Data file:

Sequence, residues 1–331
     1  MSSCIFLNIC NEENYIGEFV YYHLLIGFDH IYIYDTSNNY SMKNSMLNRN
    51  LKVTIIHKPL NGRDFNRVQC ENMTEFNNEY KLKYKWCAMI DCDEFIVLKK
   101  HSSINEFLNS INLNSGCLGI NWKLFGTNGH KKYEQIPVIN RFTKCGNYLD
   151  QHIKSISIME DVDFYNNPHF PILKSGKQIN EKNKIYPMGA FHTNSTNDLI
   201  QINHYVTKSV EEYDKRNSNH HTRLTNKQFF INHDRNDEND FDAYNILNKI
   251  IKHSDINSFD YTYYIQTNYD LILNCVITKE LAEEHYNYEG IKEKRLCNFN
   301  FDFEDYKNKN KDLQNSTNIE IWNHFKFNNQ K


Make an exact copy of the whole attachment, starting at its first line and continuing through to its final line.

Sequence, residues 1–331
     1  MSSCIFLNIC NEENYIGEFV YYHLLIGFDH IYIYDTSNNY SMKNSMLNRN
    51  LKVTIIHKPL NGRDFNRVQC ENMTEFNNEY KLKYKWCAMI DCDEFIVLKK
   101  HSSINEFLNS INLNSGCLGI NWKLFGTNGH KKYEQIPVIN RFTKCGNYLD
   151  QHIKSISIME DVDFYNNPHF PILKSGKQIN EKNKIYPMGA FHTNSTNDLI
   201  QINHYVTKSV EEYDKRNSNH HTRLTNKQFF INHDRNDEND FDAYNILNKI
   251  IKHSDINSFD YTYYIQTNYD LILNCVITKE LAEEHYNYEG IKEKRLCNFN
   301  FDFEDYKNKN KDLQNSTNIE IWNHFKFNNQ K